OPINION: Why can’t foreign media see past Sweden’s far-right?

International coverage of Swedish politics focuses overwhelmingly on the far-right, giving them influence disproportionate to their level of domestic support. Journalism professor Christian Christensen sets out why this is a problem.

OPINION: Why can't foreign media see past Sweden's far-right?
International media must develop a fuller understanding of Swedish politics beyond the rise of the far-right, argues our opinion writer. Photo: Carl-Olof Zimmerman/TT

Anyone who has followed international media coverage of Sweden over the past five or six years knows what interests news outlets about this small nation of 10 million: primarily immigrants, the Sweden Democrats (SD) and Covid-19.

So, when it was announced last month that Prime Minister Stefan Löfven had lost a vote of no confidence in the Swedish parliament, and, a week later, that he had resigned his position as Prime Minister, many could be forgiven for thinking that it was one of those three issues – immigration, the far-right or Covid-19 – that had brought about his downfall.

Yet, it was none of these. The issue that led to the first Prime Minister in Swedish history to be ousted from office before the end of his term was the honest, old-fashioned class issue of rent controls. 

What’s more, the party that had placed the Social Democrats in the corner was not found on the political far right. It was a party with its roots in communism, the Left Party, that had put its foot down over the Social Democrats appeasing (from a Left Party perspective, at least) a centre-right policy in order to maintain support from the Centre and Liberal parties.

So, it was the Left Party, the Centre Party and the Liberals who were at the heart of the disagreement that led to the collapse of the Löfven government: parties that, combined, gained 22.1 percent of the national vote in the 2018 national elections (compared to 17.5 percent for SD), and played a key role in enabling the Social Democrats to maintain power. Yet, these parties have been, and still are, all but invisible in international reporting from Sweden.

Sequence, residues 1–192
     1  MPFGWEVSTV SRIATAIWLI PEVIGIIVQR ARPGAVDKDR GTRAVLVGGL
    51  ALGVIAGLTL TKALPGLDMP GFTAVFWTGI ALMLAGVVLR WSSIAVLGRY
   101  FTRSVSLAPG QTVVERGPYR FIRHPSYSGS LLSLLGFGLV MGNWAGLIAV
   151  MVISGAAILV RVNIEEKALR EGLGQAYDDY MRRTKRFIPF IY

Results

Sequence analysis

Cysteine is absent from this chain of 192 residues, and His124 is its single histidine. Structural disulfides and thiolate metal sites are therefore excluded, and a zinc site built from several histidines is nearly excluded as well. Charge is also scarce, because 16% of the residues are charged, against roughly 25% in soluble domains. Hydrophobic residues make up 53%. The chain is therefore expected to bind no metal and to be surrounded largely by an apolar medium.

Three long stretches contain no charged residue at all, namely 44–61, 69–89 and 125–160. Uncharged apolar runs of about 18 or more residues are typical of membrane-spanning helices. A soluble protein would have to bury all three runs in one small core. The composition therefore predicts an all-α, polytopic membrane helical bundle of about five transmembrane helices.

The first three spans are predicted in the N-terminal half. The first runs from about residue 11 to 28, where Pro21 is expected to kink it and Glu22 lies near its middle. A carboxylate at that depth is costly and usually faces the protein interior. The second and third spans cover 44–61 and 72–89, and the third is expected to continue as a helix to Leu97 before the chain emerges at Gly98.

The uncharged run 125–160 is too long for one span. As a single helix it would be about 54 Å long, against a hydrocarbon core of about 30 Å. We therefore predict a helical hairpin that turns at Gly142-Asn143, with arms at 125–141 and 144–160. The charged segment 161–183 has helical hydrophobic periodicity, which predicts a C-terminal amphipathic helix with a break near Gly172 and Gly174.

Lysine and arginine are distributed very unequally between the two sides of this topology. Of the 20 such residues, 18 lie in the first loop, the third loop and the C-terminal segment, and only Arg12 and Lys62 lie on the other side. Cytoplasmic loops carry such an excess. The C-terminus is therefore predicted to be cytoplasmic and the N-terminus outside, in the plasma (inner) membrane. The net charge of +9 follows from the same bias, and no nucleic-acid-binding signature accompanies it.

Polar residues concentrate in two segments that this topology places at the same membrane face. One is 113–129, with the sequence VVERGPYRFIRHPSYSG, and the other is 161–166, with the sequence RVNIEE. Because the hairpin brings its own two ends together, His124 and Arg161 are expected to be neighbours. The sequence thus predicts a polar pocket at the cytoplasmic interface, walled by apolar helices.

In a personal, unpublished study I conducted on US/UK media coverage of the 2018 Swedish elections, I found that Swedish political parties were mentioned by name in these stories a total of 925 times, with SD accounting for 491 (51 percent) of those mentions.

The names of the Left Party, Centre Party and Liberals, on the other hand, appeared a combined 49 times, making up just 5 percent of all political party mentions. And when the leaders of Swedish parties were mentioned by name in these same articles (a total of 283 times), SD leader Jimmie Åkesson, was named the most often, with 124 (44 percent) mentions – almost twice as often as the Prime Minister, Stefan Löfven.

The Left, Centre and Liberal parties again fared badly, with the Left Party leader named 22 times, the Liberal leader mentioned once, and the Centre Party leader, Annie Lööf, never mentioned by name in 80 stories. In the same stories, issues related to immigration, refugees, crime and violence dominated as themes, while economic issues and welfare were conspicuous by their relative absence.

OK. So what? Surely the rise of SD and the arrival of refugees have been the definitive stories from Sweden over the past 10 years, and so it is hardly surprising that (other than Covid-19) they have dominated international news coverage of Sweden during that period? And this is about the economics of news. People living overseas just aren’t as interested in stories about Swedish rent control as they are in stories about immigration and the Sweden Democrats.

Here’s the problem with these positions. 

First, by giving SD disproportionately heavy coverage, that party is given the power, directly or indirectly, to set the agenda for how Sweden is covered. Even negative coverage of SD makes the party’s positions the starting points for discussions. This is particularly true for immigration, where the focus on SD’s anti-immigration stance has meant that virtually no other party’s position on the topic is discussed abroad.